Benoit Blanc is the opposite; he’s a sophisticated, stylish, southern (and, we now know from the second film, queer) gentleman who leads with his superior intellect. The cigars could be an accessory added by writer/director Rian Johnson to further signify Blanc’s southerness, otherwise exemplified by his over-the-top and non-specific accent: For a number of reasons (cultural history, slower pace of living, open space, more favorable tobacco taxes), cigar smoking is more prevalent in the south.
But Blanc seems to smoke when he needs to do his most important thinking—when parsing incongruent stories and motives, and contemplating his own professional malaise in Glass Onion. His cigar serves as his ruminative aide. He prefers large sticks (not Cape Fear large, but large) that require extended time to consume. He doesn’t smoke socially, tending to do it alone and, when with others, he never offers one to anyone around him. He is the kind of cigar smoker I find most relatable—the kind that thinks of smoking as part of their intellectual practice.
It’s about time that cigars became the tool of the deep thinker again. Pipe smoking has the greater reputation as the domain of the intellectual—the image of the tweed-jacket-sporting academic puffing a pipe is a recurring image in culture—but cigars have an intellectual and artistic tradition all their own. Karl Marx smoked through a bunch of cheap cigars while he worked; Mark Twain said, “Eating and sleeping are the only activities that should be allowed to interrupt a man’s enjoyment of his cigar”; Ralph Ellison kept a lit cigar hanging. Legendary filmmakers like Orson Welles, Jean-Luc Godard, and Melvin Van Peebles partook in the habit, as well as German philosopher Herbert Marcuse and father of psychoanalysis Sigmund Freud. Yes, it’s an overwhelmingly male indulgence (even now the number of women cigar smokers in the U.S. is less than one percent of the total female population), but the French novelist George Sand (pen name of Amantine Lucile Aurore Dupin de Francueil), herself a noted cigar smoker, once said, “The cigar is the perfect complement to an elegant lifestyle.”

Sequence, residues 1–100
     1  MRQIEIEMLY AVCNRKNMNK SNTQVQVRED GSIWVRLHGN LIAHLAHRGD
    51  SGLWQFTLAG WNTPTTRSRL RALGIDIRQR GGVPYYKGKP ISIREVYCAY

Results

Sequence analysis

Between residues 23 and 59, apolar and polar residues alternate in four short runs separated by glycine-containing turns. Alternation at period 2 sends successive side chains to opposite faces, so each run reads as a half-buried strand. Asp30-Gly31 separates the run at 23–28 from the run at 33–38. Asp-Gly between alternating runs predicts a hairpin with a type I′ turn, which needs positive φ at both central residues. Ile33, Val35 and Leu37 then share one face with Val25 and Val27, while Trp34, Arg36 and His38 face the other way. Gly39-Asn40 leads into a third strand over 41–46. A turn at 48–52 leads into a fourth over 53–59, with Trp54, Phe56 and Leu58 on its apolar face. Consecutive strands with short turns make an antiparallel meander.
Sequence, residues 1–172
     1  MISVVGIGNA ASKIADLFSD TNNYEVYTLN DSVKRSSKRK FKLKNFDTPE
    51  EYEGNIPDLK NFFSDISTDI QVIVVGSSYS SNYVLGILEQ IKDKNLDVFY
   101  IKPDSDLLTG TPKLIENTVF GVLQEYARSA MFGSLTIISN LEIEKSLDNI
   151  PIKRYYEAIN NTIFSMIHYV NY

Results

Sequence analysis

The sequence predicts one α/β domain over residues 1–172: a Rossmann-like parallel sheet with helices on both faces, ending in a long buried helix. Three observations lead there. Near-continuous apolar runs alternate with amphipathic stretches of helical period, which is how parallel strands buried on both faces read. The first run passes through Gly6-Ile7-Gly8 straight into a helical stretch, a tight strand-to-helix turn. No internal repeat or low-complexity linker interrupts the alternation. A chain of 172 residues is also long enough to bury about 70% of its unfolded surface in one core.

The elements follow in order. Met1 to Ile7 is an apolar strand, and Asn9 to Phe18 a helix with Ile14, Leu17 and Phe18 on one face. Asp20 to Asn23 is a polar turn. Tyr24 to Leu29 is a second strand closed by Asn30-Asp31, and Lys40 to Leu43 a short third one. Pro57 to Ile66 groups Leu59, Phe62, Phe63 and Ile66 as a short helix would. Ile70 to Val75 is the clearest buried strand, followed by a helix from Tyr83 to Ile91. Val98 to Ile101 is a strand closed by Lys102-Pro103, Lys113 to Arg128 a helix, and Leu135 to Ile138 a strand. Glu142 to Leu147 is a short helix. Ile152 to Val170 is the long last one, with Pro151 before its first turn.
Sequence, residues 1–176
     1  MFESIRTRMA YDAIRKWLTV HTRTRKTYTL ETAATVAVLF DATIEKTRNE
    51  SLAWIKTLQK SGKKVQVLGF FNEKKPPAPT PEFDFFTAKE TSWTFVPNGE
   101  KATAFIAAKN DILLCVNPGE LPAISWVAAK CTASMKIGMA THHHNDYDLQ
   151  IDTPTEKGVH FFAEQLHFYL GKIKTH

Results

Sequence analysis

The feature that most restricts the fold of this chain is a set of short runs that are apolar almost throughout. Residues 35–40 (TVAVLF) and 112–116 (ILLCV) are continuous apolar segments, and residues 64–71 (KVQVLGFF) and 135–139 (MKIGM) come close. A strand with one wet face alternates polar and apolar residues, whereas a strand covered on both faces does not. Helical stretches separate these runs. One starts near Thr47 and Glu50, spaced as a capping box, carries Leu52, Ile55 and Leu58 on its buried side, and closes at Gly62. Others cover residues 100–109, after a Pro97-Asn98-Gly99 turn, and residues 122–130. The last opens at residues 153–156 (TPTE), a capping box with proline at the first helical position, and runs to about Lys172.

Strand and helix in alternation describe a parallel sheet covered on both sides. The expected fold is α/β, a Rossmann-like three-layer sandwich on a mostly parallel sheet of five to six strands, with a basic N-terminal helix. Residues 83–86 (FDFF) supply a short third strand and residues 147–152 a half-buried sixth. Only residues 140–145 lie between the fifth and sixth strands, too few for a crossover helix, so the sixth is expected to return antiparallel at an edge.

The character of Benoit Blanc is not, by any stretch, an intellectual or artist on par with any of these figures, but it gives him a similar mystique as he taps into logic, deductive reasoning, even creativity. He will solve the puzzle, but the contemplation required to do so starts with sparking up a long, thick cigar.
Far be it from me to lend virtue to vice. Cigars may not carry the same risks as cigarettes; you don’t inhale them and they aren’t laden with all the chemicals that go into a cigarette’s reformed tobacco. But they’re not exactly good for you either. The pleasure, for me, is found in the quiet, the calm, the easing of my anxiety, and the ability to focus my thoughts in ways that have benefitted my work.
All I mean to suggest is that cigar smoking is not the strict province of the most rotten among us—the gangsters with no regard for human life, whether in the underworld, media, or government—as the majority of our cultural depictions might lead us to believe. Benoit Blanc offers us a new lens to think through cigar smoking’s appeal, especially for those of us in need of an intellectual justification for continuing our bad habit.